Moody's may upgrade its credit rating for Peru to "Baa2" within the next year, analysts at the ratings agency said. That would put it on par with countries like Brazil and Bulgaria.
"A Baa2 rating would signify further advances within investment-grade territory, so the risk of default [on government bonds] is further diminished," said Jaime Reusche, assistant vice president and analyst at Moody's. "It would also reflect greater maturity of government institutions and their fostering an environment that is friendlier to investors overall."
In March, Moody's changed Peru's outlook from "stable" to "positive," signaling that in the next 12-18 months the country could attain Baa2 status.
But in early June, after the country elected former military commando and leftist candidate Ollanta Humala, views of the country's economic direction seemed more of a gamble.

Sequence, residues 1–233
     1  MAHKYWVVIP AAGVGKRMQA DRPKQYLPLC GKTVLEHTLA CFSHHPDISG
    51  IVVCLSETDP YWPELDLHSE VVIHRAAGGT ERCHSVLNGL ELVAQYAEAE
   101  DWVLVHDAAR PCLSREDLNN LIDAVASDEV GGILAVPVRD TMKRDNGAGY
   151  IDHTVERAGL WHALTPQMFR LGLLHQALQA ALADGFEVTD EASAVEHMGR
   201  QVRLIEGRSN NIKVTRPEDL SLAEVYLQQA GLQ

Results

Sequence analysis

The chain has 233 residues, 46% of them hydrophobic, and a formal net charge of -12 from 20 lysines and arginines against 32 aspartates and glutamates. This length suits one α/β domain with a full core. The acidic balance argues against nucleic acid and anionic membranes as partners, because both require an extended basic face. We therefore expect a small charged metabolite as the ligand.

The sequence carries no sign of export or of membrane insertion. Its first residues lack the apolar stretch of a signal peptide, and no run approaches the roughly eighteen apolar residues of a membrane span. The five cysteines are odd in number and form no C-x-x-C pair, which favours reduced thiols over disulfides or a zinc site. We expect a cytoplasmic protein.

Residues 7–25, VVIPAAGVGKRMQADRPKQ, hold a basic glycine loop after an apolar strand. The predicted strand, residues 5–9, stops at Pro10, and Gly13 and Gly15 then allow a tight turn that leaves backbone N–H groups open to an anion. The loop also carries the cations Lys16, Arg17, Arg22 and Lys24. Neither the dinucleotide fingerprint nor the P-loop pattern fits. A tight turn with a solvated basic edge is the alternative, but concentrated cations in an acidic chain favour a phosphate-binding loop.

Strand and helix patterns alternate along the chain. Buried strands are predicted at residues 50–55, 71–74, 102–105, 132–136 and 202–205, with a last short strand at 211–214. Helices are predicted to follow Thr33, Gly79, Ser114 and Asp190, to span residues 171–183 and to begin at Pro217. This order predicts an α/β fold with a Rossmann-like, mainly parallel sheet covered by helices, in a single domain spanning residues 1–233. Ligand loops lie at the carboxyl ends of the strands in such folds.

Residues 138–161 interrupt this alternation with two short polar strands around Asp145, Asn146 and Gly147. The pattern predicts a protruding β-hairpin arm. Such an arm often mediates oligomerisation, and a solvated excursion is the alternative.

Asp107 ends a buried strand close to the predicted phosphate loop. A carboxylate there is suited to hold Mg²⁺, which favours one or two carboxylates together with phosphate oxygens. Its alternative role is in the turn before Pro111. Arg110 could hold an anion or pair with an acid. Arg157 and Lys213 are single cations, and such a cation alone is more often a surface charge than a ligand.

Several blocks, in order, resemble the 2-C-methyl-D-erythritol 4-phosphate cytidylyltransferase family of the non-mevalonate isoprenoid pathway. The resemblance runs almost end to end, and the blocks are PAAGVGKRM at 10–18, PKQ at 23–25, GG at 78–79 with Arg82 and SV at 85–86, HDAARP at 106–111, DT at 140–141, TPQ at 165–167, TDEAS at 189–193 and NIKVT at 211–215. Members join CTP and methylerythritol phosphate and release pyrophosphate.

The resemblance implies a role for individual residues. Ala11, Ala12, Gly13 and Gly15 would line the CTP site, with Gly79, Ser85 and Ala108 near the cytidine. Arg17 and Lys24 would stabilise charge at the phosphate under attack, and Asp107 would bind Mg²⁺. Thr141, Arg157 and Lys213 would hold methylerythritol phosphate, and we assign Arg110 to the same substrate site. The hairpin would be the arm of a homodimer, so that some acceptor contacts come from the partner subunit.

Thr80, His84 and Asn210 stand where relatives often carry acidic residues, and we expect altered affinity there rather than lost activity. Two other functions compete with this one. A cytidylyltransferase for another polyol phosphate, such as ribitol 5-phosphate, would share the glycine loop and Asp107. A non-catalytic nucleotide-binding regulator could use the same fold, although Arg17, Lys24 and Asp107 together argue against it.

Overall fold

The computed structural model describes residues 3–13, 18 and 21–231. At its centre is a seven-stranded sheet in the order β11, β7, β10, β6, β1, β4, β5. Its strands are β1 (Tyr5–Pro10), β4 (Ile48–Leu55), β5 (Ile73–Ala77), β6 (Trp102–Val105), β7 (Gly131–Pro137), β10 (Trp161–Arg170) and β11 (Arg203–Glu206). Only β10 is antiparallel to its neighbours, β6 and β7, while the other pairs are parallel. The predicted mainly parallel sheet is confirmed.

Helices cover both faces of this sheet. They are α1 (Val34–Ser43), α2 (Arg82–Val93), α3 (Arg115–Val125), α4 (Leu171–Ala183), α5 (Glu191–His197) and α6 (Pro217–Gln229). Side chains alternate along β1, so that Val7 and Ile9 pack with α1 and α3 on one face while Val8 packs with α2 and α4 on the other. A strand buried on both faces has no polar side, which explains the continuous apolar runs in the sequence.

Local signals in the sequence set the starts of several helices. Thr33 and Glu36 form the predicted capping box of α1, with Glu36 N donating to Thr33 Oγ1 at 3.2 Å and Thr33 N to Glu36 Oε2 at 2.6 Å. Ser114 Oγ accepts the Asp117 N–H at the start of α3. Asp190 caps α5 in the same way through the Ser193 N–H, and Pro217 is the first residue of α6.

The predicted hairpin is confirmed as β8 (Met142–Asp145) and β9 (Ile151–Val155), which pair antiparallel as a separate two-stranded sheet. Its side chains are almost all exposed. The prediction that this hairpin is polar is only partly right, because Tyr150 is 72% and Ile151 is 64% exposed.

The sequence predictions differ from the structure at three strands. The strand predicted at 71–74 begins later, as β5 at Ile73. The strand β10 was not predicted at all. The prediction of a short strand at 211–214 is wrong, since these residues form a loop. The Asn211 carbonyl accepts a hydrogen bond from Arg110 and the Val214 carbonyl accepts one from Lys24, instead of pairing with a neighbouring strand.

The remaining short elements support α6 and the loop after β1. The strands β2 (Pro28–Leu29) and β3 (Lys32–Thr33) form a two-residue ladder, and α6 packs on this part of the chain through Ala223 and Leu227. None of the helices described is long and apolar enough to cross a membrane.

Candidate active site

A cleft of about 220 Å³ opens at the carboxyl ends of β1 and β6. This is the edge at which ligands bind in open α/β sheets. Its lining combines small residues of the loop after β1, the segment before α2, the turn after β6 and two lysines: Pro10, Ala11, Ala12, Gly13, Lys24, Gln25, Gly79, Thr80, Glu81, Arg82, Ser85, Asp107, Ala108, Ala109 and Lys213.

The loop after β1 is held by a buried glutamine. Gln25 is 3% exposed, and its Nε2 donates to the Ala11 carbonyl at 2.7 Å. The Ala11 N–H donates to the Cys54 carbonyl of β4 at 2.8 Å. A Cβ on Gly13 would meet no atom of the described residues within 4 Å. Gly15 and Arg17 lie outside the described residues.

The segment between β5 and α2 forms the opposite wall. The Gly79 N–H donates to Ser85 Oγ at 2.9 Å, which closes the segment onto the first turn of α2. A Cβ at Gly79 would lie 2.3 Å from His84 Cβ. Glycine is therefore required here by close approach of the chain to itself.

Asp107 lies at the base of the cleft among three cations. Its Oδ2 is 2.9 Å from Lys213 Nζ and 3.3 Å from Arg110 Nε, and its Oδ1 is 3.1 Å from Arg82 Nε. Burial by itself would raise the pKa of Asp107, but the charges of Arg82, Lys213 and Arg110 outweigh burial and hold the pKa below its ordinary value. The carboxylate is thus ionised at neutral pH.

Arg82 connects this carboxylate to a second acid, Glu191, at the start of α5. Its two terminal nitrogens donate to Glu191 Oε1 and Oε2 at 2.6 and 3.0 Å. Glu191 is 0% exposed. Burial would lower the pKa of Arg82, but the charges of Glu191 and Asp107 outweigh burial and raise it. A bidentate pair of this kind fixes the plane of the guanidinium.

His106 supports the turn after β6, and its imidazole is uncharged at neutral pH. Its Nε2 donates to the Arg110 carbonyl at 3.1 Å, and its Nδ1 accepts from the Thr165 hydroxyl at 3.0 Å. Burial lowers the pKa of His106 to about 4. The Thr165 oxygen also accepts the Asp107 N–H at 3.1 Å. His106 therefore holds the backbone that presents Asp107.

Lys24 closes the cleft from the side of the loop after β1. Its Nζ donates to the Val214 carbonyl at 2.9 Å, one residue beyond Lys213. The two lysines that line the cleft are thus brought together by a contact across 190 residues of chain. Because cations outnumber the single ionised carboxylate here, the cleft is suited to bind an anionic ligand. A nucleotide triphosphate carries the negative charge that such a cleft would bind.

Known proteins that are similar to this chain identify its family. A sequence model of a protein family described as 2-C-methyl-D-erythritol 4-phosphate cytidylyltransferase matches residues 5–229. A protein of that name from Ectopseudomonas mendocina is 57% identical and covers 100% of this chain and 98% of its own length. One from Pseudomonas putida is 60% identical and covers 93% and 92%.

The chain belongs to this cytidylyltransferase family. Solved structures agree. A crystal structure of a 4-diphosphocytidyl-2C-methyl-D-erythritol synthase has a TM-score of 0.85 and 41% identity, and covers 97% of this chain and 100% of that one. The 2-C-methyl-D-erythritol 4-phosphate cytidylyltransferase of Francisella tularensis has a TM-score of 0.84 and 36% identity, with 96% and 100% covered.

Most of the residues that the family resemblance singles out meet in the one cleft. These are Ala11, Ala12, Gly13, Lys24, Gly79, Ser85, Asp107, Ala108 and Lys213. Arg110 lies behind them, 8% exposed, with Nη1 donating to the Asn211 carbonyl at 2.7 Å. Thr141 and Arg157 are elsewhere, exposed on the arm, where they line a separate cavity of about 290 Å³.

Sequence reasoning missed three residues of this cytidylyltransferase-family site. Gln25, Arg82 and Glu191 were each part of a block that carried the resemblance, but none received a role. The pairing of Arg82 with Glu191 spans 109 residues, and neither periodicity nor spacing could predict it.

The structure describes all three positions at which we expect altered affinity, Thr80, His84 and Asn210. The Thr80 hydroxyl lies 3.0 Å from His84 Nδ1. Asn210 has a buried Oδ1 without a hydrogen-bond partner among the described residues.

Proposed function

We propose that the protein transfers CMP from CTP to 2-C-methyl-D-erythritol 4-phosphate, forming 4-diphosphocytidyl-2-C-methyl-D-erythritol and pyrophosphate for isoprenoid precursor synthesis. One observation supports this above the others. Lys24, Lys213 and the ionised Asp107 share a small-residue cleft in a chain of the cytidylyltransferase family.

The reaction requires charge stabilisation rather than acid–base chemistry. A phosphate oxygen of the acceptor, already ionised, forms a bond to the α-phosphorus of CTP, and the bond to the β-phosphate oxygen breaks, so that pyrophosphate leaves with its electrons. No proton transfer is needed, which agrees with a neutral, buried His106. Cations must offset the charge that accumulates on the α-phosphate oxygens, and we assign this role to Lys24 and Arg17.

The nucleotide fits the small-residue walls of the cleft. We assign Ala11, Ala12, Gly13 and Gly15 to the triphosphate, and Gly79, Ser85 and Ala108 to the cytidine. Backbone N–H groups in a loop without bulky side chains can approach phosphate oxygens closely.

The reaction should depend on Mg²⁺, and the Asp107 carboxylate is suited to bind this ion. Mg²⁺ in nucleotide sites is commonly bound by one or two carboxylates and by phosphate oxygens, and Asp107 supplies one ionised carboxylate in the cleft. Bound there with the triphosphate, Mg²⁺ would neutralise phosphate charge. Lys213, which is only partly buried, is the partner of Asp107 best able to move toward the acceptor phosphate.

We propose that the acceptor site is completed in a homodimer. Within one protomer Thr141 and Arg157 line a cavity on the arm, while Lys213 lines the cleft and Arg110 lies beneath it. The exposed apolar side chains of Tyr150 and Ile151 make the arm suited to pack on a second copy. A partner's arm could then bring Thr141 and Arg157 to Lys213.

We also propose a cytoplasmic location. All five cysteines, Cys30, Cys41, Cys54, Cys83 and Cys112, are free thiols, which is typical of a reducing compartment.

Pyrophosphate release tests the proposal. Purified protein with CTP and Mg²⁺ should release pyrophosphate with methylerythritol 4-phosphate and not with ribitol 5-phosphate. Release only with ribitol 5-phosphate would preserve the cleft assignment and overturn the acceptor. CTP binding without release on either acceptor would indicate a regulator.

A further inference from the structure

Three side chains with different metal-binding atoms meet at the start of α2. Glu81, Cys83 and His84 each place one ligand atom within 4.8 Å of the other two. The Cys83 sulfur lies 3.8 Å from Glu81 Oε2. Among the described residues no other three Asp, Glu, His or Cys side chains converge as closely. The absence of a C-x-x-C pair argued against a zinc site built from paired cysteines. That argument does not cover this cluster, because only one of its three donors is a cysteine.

Three months into his term, Humala's popularity is strikingly higher than most of his predecessors during their first months on the job — he received a 63-percent approval rating in local polls last week.
Now, the analysts seem confident in that March projection.
"The poll result is a credit positive as it encourages the government to maintain the current status quo and reduces the risk of fiscal slippage through more populist measures," Reusche and fellow analyst Renzo Merino, wrote in a credit report.
And since Humala has not yet altered the economic status quo of the last two decades, opinion polls serve as a vote of confidence for his centrist stance.
"The previous risk was that there might be a complete change in the rules of the game which might be unfriendly to investors," said Reusche. "The high approval rating curbs the temptation to go off on a more radical policy stance."